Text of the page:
Music, OldVenue

Professor Green – At Your Inconvenience

Yes lads, he’s back. The don, the only Professor that has a doctorate in the colour green. Professor Green returns to our ears with the album At Your Inconvenience, follow up to 2010’s Alive till I’m Dead. The truth is, whether you are a fan or not, it is difficult to resist being drawn in by that Hackney accent, that tattoo and now thatseemingly Joey Essex style hair do.  The opening and title track of the album raises the question- what am I doing to myself? Obviously those of us who are not rappers in the public eye struggle to completely empathise with P.G. However, that slimy grind of a beat behind the spitting lyrics are pretty hard to ignore. Other tracks on the album like D.P.M.O are tailor made to get you moving and definitely getting a strange kind of London-style-white-boy skank on. It’s one of those tracks that allow you to believe that you are as hard as nails for three minutes, while screaming the lyrics “DON’T PISS ME OFF”. After getting you all hyped up, Emeli Sande brings you right back down to earth with the current single Read All About It.Pro Green, real name Stephen Manderson, here addresses the suicide of his dad back in 2008. It’s songs like this that make you un-tick the box labelled ‘another rapper that David Guetta will no doubt mutate in a few months’. With harsh stripped back lyrics such as “family is something that you never been to me” combined with Emeli’s vocals pushing the song into new heights, it has top-40 written all over it.

Other highlights are Remedy, which has a cracking drum and bass sound behind another guest vocalist- Ruth Anne. Near the end of this track it dips down into a dubstep-esque bump, which allows you to slide right into the next track How Many Moons. The strong subtext of this album seems to be drinking, going out, feeling lost and the horrors of addiction. Astronaut is the stand out track of the album: tackling the subject of heroin addiction. Stop. This is not another A-team. Yes it addresses the same problem of those poor few who just can’t numb pains without the aid of a needle, but this song is a remembrance service performed in four minutes. Professor Green has had first-hand experience of losing a close friend to the perils of addiction, therefore you know this is not fiction, and with every listen you empathise with the rawness of his pain. After this milestone in the centre of the record, he seems to feed off it and the tracks that follow: Never Be A Right time and Today I Cried. The latter lets you hear all those self-doubts we keep to ourselves until you need to just cry. Professor Green, like the rest of us, realises that you cannot just bury all your worries because ‘slowly but surely everything I buried is crept to the surface and I’m finally being made to deal with it’.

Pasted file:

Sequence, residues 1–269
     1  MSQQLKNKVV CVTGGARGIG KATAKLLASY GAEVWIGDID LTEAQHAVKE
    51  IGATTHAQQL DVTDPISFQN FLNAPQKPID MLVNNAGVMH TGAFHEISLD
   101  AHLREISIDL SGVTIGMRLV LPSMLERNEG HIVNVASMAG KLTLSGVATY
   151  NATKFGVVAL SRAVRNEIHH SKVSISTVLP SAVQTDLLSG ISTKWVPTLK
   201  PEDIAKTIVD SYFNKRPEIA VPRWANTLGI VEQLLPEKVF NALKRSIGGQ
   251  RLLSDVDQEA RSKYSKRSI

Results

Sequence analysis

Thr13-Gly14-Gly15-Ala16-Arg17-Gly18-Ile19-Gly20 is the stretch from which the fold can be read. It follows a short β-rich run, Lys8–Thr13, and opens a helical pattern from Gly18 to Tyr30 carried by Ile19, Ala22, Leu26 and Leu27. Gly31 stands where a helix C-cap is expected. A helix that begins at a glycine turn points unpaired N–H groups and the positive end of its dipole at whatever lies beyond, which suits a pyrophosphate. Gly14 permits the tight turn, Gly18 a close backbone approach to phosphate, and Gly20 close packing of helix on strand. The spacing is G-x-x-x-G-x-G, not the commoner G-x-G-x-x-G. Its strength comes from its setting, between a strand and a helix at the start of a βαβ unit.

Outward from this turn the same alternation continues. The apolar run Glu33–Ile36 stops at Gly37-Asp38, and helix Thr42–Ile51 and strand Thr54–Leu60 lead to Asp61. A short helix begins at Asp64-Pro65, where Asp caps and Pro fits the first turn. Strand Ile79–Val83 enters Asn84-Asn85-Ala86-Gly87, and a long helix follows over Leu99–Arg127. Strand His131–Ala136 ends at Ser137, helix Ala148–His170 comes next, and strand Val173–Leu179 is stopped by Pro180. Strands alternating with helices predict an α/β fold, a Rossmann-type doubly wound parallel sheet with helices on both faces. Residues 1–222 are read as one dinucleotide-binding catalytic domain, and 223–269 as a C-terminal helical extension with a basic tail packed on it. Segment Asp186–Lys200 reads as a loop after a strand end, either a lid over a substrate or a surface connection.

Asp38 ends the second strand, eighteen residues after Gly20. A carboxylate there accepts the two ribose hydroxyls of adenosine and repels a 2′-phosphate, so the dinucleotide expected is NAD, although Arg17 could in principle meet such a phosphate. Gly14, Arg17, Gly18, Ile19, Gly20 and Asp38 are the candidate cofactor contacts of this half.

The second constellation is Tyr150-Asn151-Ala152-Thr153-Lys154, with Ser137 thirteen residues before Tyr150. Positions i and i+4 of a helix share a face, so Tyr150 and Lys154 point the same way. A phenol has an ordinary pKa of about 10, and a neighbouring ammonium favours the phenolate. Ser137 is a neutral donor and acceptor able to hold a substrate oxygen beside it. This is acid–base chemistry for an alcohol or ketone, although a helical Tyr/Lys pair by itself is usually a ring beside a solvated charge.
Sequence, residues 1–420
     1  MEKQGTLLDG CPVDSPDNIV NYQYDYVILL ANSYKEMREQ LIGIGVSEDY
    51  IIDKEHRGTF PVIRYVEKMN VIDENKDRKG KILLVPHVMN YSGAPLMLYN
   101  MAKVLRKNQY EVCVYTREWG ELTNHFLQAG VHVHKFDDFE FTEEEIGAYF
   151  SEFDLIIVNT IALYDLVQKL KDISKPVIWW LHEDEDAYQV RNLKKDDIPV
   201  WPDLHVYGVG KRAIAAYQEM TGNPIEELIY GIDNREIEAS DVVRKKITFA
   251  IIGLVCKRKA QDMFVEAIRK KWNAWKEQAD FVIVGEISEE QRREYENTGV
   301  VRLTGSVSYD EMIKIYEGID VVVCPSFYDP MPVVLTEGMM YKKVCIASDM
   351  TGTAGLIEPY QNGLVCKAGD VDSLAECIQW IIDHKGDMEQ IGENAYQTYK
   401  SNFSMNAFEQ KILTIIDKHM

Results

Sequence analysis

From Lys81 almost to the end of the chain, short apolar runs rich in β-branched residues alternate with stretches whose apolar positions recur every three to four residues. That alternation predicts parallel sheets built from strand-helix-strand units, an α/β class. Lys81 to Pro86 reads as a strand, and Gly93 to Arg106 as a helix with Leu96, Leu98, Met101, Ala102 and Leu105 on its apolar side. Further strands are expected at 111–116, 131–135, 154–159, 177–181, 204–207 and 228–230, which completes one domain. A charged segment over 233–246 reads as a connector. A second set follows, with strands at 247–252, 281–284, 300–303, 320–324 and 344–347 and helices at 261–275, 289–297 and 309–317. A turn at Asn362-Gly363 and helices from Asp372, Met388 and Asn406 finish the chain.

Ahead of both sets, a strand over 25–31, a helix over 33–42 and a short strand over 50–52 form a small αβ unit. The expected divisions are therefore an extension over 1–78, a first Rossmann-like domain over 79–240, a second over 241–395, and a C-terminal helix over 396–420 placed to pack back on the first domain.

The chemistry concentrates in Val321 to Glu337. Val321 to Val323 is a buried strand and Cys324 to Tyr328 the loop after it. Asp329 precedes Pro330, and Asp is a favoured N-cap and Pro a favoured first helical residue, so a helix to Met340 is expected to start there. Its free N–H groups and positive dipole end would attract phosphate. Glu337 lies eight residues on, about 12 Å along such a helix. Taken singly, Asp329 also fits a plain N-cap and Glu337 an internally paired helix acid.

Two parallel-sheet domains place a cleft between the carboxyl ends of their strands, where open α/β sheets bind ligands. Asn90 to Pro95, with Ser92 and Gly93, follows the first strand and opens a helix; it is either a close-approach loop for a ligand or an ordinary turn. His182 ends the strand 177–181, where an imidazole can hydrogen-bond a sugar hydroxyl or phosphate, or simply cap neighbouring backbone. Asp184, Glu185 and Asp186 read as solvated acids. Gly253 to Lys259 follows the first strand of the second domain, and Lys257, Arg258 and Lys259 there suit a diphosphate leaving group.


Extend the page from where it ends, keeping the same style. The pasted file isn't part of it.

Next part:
This album is not as dance related as his last offering, but instead the Prof seems to have started a love affair with strings, as they appear on just under half of the tracks on this album, including penultimate track Forever Falling. This album is a real emotional rollercoaster, and it’s hard to believe that it was completed within a year. You hear the Professor have a party, get drunk, realise he’s losing it, tackle his demons, remember the dead and admit defeat to his emotions. Then the last track plays. It doesn’t spoil the album, but it doesn’t close it the way it feels like it should. In a word, it’s a bit…annoying. However it does reference vajazzle’s which is always a good thing, but it leaves you feeling a bit like, is that it? Don’t let this put you off, it’s a strong record packed full of different vibes some emotional and some that’ll make you skank your way to the high heavens. Go on give Green a chance.

26/01/2012

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hanalockier



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